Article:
Primary gastrointestinal lymphoma: spectrum of imaging findings with pathologic correlation

Radiographics. 2007 Sep-Oct;27(5):1371-88. doi: 10.1148/rg.275065151.


Gastrointestinal lymphoma is an uncommon disease but is the most frequently occurring extranodal lymphoma and is almost exclusively of non-Hodgkin type. Primary gastrointestinal lymphoma most commonly involves the stomach but can involve any part of the gastrointestinal tract from the esophagus to the rectum. Risk factors for the development of gastrointestinal lymphoma include Helicobacter pylori infection, immunosuppression after solid organ transplantation, celiac disease, inflammatory bowel disease, and human immunodeficiency virus infection. Although gastrointestinal lymphoma has a wide variety of imaging appearances and definitive diagnosis relies on histopathologic analysis, certain findings (eg, a bulky mass or diffuse infiltration with preservation of fat planes and no obstruction, multiple site involvement, associated bulky lymphadenopathy) can strongly suggest the diagnosis. Imaging also plays an important role in the detection of complications such as perforation, obstruction, and fistulization. The most commonly used imaging modalities are barium examination and computed tomography (CT). These modalities are complementary, although CT provides a better overall assessment of the disease stage.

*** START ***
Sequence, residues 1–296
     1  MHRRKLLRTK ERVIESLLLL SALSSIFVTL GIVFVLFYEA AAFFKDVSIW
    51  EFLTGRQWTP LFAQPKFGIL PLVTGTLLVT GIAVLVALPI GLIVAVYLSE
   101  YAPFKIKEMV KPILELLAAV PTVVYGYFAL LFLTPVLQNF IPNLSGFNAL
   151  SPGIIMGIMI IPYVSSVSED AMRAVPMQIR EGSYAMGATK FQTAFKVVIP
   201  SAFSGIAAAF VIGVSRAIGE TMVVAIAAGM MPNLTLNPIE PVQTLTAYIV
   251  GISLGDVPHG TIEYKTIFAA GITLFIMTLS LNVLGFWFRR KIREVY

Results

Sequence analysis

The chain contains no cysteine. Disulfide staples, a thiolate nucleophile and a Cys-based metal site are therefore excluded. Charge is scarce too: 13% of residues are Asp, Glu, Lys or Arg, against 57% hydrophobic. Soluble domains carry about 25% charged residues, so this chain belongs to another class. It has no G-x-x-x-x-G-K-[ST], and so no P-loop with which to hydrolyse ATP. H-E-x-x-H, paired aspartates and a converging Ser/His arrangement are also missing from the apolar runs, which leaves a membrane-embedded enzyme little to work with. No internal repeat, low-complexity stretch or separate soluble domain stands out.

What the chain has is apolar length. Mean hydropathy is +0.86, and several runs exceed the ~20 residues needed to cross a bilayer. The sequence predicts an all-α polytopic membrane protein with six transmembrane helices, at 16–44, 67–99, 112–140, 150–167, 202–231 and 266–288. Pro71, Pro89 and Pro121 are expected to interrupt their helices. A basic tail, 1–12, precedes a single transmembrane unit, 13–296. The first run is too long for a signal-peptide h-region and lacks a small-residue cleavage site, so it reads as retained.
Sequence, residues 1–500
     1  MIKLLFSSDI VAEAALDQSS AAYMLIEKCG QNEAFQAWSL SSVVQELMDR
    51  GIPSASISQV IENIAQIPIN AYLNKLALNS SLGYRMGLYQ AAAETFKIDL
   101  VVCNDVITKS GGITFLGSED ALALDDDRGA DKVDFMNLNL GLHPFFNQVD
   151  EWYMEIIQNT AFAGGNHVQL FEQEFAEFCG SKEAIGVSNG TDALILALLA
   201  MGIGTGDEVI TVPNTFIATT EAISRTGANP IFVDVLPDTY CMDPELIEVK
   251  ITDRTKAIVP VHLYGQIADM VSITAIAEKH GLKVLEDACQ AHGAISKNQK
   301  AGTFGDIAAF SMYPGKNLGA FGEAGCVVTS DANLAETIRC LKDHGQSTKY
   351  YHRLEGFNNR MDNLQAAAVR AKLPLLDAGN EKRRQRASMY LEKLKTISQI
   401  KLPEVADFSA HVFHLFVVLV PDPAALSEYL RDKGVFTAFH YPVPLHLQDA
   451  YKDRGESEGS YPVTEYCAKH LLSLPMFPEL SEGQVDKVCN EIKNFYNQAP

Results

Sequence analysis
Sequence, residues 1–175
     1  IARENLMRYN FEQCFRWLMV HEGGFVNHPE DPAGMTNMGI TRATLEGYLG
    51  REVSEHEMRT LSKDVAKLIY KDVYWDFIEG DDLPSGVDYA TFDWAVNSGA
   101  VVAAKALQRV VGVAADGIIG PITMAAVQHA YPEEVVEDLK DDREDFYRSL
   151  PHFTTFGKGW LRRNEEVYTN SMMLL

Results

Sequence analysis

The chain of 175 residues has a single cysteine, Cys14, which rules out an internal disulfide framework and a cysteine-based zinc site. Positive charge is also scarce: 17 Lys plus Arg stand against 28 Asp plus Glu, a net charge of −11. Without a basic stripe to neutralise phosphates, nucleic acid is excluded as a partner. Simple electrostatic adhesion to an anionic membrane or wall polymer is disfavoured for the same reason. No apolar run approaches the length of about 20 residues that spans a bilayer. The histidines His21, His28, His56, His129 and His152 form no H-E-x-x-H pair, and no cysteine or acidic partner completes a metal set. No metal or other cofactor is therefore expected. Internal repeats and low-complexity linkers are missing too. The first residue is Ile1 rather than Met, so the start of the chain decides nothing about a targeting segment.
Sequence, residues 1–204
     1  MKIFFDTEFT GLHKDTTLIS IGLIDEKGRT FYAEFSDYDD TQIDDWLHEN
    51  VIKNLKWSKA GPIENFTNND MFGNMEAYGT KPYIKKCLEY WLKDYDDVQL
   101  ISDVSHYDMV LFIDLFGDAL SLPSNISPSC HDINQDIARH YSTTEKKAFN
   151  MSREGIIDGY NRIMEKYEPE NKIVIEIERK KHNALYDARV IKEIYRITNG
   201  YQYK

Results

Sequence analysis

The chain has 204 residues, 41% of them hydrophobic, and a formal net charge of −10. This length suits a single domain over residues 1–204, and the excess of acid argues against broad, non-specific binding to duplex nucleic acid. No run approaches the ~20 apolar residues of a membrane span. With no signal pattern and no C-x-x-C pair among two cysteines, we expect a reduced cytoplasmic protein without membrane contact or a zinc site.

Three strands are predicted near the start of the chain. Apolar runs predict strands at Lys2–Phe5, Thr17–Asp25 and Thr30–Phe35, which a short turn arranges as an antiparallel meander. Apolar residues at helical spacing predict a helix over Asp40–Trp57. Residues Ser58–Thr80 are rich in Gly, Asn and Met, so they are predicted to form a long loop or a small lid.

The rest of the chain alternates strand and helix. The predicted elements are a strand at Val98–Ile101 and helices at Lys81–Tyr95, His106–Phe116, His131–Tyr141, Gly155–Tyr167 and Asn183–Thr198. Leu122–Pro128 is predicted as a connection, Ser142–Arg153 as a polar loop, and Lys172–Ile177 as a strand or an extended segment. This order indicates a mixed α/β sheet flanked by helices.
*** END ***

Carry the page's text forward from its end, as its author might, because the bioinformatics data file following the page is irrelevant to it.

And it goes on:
Publication types

  • Review

MeSH terms

  • Adult
  • Aged
  • Barium Sulfate*
  • Contrast Media
  • Enema
  • Female
  • Gastrointestinal Neoplasms / diagnostic imaging*
  • Gastrointestinal Neoplasms / pathology*
  • Humans
  • Lymphoma / diagnostic imaging*
  • Lymphoma / pathology*
  • Male
  • Middle Aged
  • Practice Guidelines as Topic
  • Practice Patterns, Physicians'
  • Radiographic Image Enhancement / methods*
  • Statistics as Topic
  • Tomography, X-Ray Computed / methods*


  • Contrast Media
  • Barium Sulfate